Author Archive

496 PAGES   6 comments

I’m still at sea — well, sort of. We are about to dock in San Antonio, Chile, whence we’ll be flying home after a 17-day cruise. I promise I’ll be better about sharing photos and stuff, because while on board I have finished the umpteenth edit of “My Father’s House,” the fictionalized story of my father and his family from the time he left Torsas, Sweden, until his death at the age of 86. It reads like a novel, with the interacting influences of historical events — and they were many — as they impacted the growth and character of the family. Yes, if you are interested, I am part of the story.

I’ve been told that 500 pages is a reasonable length, so I’ve been working — and working — and cutting — and cutting to reduce the original 800 or so pages. Now I’ve hit 496, including preface and postscript. So I’m being bold again to ask if there’s anyone out there who’d be willing to read it now — available via e-mail. I’d love honest feedback about its interest to people in general and suggestions for further cutting.

If you’re game, please let me know your e-mail address in the comment section here. Or if you’d rather keep your address private, please let me know via

Just to prove I’ve been traveling, I’m including the unseparated photo I just bought of my entrance to Salaverry, Peru.

Posted November 1, 2019 by Mona Gustafson Affinito in Uncategorized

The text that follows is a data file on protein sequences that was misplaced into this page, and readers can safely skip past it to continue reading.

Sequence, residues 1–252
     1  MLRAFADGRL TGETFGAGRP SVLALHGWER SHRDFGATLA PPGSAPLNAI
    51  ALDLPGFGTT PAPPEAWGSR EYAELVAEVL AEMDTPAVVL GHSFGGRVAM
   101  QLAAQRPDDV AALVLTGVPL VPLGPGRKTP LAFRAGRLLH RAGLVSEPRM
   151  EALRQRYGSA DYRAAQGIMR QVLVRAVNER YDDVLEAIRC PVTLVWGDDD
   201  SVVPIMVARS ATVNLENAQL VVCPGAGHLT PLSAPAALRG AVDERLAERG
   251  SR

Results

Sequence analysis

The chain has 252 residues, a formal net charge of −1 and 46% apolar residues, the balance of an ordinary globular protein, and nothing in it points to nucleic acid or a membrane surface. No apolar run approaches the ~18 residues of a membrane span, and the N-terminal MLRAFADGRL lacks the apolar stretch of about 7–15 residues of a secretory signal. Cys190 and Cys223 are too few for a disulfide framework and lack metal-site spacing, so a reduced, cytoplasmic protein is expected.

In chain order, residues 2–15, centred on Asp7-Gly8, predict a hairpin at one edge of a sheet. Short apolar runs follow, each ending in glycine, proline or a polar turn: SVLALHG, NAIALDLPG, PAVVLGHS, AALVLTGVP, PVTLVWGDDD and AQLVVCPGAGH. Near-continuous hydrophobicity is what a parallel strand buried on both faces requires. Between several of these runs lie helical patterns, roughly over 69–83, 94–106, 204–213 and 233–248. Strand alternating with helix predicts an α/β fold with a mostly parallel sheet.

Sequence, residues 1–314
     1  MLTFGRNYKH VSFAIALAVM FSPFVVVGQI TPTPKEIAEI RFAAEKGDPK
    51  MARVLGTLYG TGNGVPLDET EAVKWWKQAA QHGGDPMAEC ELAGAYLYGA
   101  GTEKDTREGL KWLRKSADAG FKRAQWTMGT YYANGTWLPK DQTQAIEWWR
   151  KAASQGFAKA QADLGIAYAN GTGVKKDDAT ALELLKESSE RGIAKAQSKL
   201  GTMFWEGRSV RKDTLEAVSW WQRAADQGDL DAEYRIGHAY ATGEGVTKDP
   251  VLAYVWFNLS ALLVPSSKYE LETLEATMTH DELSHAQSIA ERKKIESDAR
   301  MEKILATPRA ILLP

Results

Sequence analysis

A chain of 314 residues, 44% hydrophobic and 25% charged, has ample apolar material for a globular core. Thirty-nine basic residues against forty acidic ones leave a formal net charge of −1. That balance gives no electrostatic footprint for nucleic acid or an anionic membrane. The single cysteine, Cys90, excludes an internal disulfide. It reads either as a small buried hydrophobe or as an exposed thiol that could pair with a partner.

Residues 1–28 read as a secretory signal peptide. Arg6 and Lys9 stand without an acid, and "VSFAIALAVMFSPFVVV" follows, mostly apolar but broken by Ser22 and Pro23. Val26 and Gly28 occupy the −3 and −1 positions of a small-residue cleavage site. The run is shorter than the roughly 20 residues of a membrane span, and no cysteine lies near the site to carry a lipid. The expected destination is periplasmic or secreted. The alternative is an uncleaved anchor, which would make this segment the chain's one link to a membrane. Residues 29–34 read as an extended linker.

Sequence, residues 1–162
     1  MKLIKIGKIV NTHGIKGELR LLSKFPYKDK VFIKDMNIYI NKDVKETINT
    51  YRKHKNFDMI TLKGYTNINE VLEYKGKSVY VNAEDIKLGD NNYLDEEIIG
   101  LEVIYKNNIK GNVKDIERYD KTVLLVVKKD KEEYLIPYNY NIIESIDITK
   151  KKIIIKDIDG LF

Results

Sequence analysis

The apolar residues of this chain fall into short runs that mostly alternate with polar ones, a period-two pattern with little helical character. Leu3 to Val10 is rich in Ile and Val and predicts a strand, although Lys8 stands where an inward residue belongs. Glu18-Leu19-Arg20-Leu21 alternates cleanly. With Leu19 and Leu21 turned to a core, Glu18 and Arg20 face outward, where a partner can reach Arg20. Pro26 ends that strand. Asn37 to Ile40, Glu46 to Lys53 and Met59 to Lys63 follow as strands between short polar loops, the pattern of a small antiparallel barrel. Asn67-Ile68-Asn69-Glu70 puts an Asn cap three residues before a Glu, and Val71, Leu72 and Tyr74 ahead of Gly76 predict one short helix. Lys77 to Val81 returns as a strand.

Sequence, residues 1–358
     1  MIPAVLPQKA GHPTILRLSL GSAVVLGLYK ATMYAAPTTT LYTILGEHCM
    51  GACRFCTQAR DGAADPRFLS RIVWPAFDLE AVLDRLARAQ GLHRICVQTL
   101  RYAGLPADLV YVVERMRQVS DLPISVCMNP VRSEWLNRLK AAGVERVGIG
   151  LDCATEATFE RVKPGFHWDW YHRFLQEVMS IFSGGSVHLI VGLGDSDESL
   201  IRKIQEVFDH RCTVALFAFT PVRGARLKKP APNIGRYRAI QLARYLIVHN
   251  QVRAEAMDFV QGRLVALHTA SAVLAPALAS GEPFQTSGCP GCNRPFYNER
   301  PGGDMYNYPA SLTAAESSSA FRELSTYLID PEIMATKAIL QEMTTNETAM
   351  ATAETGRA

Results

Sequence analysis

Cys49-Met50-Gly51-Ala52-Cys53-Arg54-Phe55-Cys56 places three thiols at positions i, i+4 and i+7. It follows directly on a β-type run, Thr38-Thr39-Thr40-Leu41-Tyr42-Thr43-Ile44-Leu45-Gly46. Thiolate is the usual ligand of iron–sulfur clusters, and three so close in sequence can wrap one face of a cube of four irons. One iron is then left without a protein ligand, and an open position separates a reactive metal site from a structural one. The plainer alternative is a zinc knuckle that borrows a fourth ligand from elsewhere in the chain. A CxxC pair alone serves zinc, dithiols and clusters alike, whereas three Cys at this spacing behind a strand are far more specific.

POLITICAL VS. MORAL   6 comments

Recently I mentioned the fact of ICE separating children from their parents at the border, and even in some inner cities. The person responded saying, “I don’t talk politics.”

I’ve been thinking a lot about that. Because I see clients whose politics may be different from mine, I refrain from making my political preferences public. But when does an issue become more moral than political? For me the answer lies in insomnia. Politics is interesting, and sometimes disturbing during the day. But I know it’s a strictly moral issue when it wakes me at night.

So, I’m going public with my assessment that removing children from their parents, or removing parents from their children, is not only immoral but impractical. It’s as if there is a deliberate decision not only to create misery, but also to create diagnosable mental illness in the future. Particularly frightening is the effect of attachment disorder, an almost guaranteed result of the separation practice. Try this link to get a sense of the complexity. And please, decide that this is a moral issue.

And one more very important thing. If it hasn’t been clear in the link I’ve sent you, be aware that conscience depends on healthy attachment. Think about the future generation you want to live with.

DID I STAY AWAY TOO LONG?   5 comments

I’m pretty sure I did; I couldn’t even remember my password.